There are two ways to diagnose and treat this condition. In our culture, there is still a widespread assumption of basic human goodness. If people are self-absorbed and messed up, it is argued, it is only because they lack healthy self-esteem. So what we should do is tell them to be good to themselves, to live for themselves, not for others. In this view of things, we give wounded people almost nothing but support, encouraging them to stop letting others run their lives, urging them to find out what their dreams are and take steps to fulfill them. That, we think, is the way to healing. But this approach assumes that self-centeredness isn't natural, that it is only the product of some kind of mistreatment. That is a very popular understanding of human nature, but it is worth observing that it is an article of faith - a religious belief, as it were. No major religion teaches that, yet this is the popular view of many people in the West.

But this view of things simply doesn't work. A marriage relationship unavoidably entails self-denial, even in the most mundane day-to-day living. It is impossible to have a smooth-running relationship with even one person, let alone two, always feeling that his or her desires should have preeminence because of all he or she has been through in life.

The Christian approach begins with a different analysis of the situation. We believe that, as badly wounded as persons may be, the resulting self-absorption of the human heart was not caused by the mistreatment. It was only magnified and shaped by it. Their mistreatment poured gasoline on the fire, and the flame and smoke now choke them, but their self-centeredness already existed prior to their woundedness. Therefore, if you do nothing but urge people to "look out for number one," you will be setting them up for future failure in any relationship, especially marriage.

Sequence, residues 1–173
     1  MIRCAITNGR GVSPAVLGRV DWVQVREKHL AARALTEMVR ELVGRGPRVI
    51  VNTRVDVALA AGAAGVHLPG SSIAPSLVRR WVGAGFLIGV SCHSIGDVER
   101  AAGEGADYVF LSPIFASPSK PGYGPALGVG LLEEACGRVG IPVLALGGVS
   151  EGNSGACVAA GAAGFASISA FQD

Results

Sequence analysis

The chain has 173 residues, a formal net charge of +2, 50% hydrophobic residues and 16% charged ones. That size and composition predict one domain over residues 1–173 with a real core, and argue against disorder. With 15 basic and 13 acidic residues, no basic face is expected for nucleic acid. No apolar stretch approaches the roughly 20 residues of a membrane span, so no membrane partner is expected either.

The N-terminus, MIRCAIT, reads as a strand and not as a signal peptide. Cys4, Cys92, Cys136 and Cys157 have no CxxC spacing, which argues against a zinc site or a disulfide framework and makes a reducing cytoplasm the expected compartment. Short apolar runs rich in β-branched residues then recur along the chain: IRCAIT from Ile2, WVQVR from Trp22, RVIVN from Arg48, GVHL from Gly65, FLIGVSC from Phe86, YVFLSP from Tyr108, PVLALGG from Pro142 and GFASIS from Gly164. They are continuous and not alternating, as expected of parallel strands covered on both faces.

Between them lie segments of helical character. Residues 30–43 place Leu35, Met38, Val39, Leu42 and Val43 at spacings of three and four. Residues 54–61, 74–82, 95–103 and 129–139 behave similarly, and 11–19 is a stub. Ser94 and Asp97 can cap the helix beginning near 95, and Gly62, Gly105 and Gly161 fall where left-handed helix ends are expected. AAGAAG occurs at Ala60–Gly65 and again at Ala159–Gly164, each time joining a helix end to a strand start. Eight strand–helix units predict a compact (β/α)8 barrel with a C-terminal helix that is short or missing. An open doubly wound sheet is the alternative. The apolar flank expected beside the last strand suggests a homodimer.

This is not to say that wounded people don't need great gentleness, tender treatment, affirmation, and patience. It is just that this is not the whole story. Both people crippled by inferiority feelings and those who have superiority complexes are centered on themselves, obsessed with how they look and how they are being perceived and treated. It would be easy to help someone out of an inferiority complex into a superiority complex and leave them no better furnished to live life well.

[...]

The only way to avoid sacrificing your partner's joy and freedom on the altar of your need is to turn to the ultimate lover of your soul. He voluntarily sacrificed himself on the cross, taking what you deserved for your sins against God and others. On the cross he was forsaken and experienced the lostness of hell, but he did it all for us. Because of the loving sacrifice of the Son, you can know the heaven of the Father's love through the work of the Spirit. Jesus truly "built a heaven in hell's despair." And fortified with the love of God in your soul, you likewise can now give yourself in loving service to your spouse.

"We love - because he first loved us" (1 John 4:19).